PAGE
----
<storage> (In contrast to floppy disk).
One or more rigid magnetic disks rotating about a central axle with associated read/write heads and electronics, used to store data.
Most hard disks are permanently connected to the drive (fixed disks) though there are also removable disks.
High speed disks have an access time of 28 milliseconds or less, and low-speed disks run 65 milliseconds or more.
The higher speed disks also transfer their data faster than the slower speed units.
Each surface of each disk is divided into a number of evenly spaced concentric circular tracks.
The set of all tracks at a given radius on all surfaces (the tracks which can be accessed without moving the heads) are known as a cylinder. Each track is divided into sectors.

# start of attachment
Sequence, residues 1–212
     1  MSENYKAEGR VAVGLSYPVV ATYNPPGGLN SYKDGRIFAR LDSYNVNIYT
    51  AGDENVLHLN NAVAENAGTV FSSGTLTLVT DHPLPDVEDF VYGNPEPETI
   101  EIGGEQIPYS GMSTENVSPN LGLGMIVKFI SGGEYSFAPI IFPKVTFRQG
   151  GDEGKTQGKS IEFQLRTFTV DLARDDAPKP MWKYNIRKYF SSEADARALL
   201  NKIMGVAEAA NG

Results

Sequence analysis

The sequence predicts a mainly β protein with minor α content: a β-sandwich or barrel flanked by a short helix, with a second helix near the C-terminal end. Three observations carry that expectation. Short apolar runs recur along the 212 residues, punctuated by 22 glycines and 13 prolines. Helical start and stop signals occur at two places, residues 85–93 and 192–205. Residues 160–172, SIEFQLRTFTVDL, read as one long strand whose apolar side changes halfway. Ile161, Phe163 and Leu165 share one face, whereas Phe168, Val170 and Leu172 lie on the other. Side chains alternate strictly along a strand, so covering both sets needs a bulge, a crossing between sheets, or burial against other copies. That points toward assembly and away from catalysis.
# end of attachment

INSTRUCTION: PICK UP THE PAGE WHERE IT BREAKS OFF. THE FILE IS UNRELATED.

The heads "float" just above the disk's surface on a current of air.
As the disk turns it moves the air around it, creaing theair current.
The head has an aerodynamic shape so the current pushes it away from the disk.
A small spring pushes the head towards the disk at the same time keeping the head at a constant distance from the disk (about two microns).
Disk drives are commonly characterised by the kind of interface used to connect to the computer, e.g. ATA, IDE, SCSI.
See also winchester.
Suchanka's PC-DISK library (http://www.pc-disk.de/).
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